An off-duty Marine from Nebraska was arrested at Offutt Air Force Base two weeks ago after he tried to enter the base with two semi-automatic rifles, a pistol, a silencer, a bump stock, a vest with body armor and a case of ammunition.
Pfc. Ali Al-Kazahg, 22, of Milford, is in custody at Marine Corps Base Hawaii near Honolulu, a Marine spokesman said. Al-Kazahg, a landing support specialist at the Hawaii base, has not been charged. The Naval Criminal Investigative Service is investigating.
It is illegal to carry weapons at Offutt, aside from authorized members of security forces and certain military retirees. It’s not clear to base authorities whether Al-Kazahg intended to use the weapons to harm people at Offutt, said Lt. Col. William Smith, commander of the 55th Security Forces Squadron.
Al-Kazahg — who was home in Nebraska on leave — was stopped in a pickup truck May 31 at Offutt’s StratCom gate after security guards there saw his name on a law enforcement watchlist of people judged capable of doing harm. A “be on the lookout” bulletin had been circulated across Nebraska a week earlier by a coalition of federal, state and local agencies tasked with monitoring security threats.
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The bulletin, issued May 24 by the Nebraska Information and Analysis Center and later obtained by The World-Herald, said Al-Kazahg told another Marine that he would “shoot up the battalion, starting at the barracks,” if he were disciplined for certain misconduct. According to the bulletin, he also mentioned specific Marines he wanted to target.
The bulletin quoted NCIS as reporting that Al-Kazahg had previously made “suspicious statements” and been reported for “suspicious activity.” It said he had previously “shown various people large amounts of cash” and an online order he had placed for body armor, magazines, weapons parts, holsters and medical supplies, all to be shipped to a Nebraska address.
The bulletin also cited a caution about Al-Kazahg issued by the Lincoln Police Department in 2016 (before he enlisted in the Marine Corps) alleging that he was “dangerous, has an infatuation with guns and violent acts, and has a dislike for law enforcement.”
Al-Kazahg had made no threats specific to Nebraska, the bulletin said.
Al-Kazahg’s vehicle was stopped at the StratCom Gate, on Capehart Road, at 6:39 p.m. May 31. Law enforcement authorities haven’t said why he showed up at Offutt that Friday evening.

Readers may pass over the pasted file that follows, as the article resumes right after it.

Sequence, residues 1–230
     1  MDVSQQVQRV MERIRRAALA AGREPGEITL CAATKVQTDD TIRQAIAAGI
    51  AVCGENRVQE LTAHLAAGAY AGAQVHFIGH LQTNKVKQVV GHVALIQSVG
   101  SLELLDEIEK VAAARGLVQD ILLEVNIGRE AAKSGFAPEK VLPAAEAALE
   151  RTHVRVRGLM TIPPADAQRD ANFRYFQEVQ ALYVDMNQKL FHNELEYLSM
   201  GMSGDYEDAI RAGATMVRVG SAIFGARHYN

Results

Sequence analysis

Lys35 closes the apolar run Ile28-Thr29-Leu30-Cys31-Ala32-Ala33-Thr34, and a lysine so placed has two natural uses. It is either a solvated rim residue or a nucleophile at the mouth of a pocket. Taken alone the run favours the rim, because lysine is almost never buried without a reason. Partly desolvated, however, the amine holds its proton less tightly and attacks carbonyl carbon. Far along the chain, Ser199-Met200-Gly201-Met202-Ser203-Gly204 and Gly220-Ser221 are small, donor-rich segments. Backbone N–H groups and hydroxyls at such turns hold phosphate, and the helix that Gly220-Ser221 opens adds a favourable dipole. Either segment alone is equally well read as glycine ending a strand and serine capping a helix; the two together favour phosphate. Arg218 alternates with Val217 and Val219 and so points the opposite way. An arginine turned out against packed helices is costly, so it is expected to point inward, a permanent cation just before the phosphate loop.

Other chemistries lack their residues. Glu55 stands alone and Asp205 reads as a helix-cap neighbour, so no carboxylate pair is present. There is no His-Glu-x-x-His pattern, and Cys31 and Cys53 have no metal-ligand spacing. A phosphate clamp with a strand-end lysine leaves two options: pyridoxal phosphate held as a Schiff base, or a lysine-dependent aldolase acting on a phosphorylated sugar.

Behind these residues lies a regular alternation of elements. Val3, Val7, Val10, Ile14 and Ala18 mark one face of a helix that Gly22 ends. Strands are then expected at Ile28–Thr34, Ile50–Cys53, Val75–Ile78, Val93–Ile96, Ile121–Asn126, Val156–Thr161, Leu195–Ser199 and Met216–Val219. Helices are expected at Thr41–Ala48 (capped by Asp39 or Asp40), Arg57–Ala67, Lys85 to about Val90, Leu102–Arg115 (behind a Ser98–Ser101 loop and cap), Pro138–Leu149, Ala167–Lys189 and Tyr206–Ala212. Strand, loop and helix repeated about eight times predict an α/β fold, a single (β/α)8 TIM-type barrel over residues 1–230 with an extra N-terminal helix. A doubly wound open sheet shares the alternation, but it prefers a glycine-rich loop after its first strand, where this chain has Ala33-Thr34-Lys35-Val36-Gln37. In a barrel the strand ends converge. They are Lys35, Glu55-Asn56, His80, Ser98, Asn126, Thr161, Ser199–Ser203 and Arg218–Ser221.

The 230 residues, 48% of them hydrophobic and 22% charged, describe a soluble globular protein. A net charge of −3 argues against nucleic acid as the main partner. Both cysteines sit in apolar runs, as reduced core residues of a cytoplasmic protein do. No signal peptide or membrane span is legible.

Smith said Al-Kazahg presented his military identification card at the gate. The guard who checked the Marine’s credentials saw that they were flagged with a message to detain him and contact the Office of Special Investigation, the Air Force’s investigative agency.
Agents from OSI’s Offutt detachment responded within minutes, Smith said. Al-Kazahg’s pickup was searched, and agents found the weapons and other gear.
Al-Kazahg said little about his intentions to either Offutt guards or OSI agents, Smith said. He was turned over to NCIS, which investigates criminal activity involving the Marine Corps and Navy, about an hour later.
Public records indicate that Al-Kazahg lived in Milford, about 17 miles west of Lincoln. In 2017, he served on the Nebraska Children’s Commission’s Bridge to Independence Advisory Committee, which advises the state on policies to help kids in foster care transition to adulthood.
He joined the Marines on Sept. 11, 2017. After boot camp in San Diego and additional training at Camp Pendleton in California and Camp Lejeune in North Carolina, he was assigned to Marine Corps Base Hawaii in August 2018. He is a member of the 3rd Marine Logistics Group, and his enlistment is up in 2021.
Al-Kazahg’s public social media posts indicate no obvious signs of anger or discontent. There are no mentions of politics or religion.
He has never posted on a four-year-old Twitter account in his name, which has just 10 followers. His Facebook and Instagram pages are private, though a cached copy of his Instagram page shows a number of photos of him posing with military weapons. His images also seem to convey pride in the Marines, his own personal fitness and his Husker heritage.
In one photo, he and another Marine, both in uniform, are holding up a red-and-white Husker “N” flag in front of palm trees. The caption says, “Just two pround (sic) Marines from Nebraska living in Hawaii!”
A second photo shows him posing about six months ago with Dakota Meyer, a former Marine who was awarded the Medal of Honor for heroic actions in the Afghanistan War in 2009, with a caption that says they had lunch together.
A third photo shows him at Camp Pendleton last summer holding one military M4 carbine in each hand with a comment that says, “These feel pretty light.”
News videos posted on YouTube show him and other Marines drinking the blood of a freshly killed cobra and eating a scorpion during survival training conducted as part of the military’s Cobra Gold exercise in Thailand earlier this year.
“Drinking the cobra’s blood was pretty fun,” Al-Kazahg said in an interview that was part of the video.
Smith praised his personnel at Offutt for their diligence in quickly detaining Al-Kazahg.
“This was one of those seamless events from start to finish,” he said. “This was an opportunity where we could have saved lives.”
Maj. Gen. Daniel Karbler, U.S. Strategic Command’s chief of staff, went a step further in a post on StratCom’s unclassified internal computer network.
“This service member was out to hurt people,” Karbler said. “Thank a Security Defender next time you come through the gate.”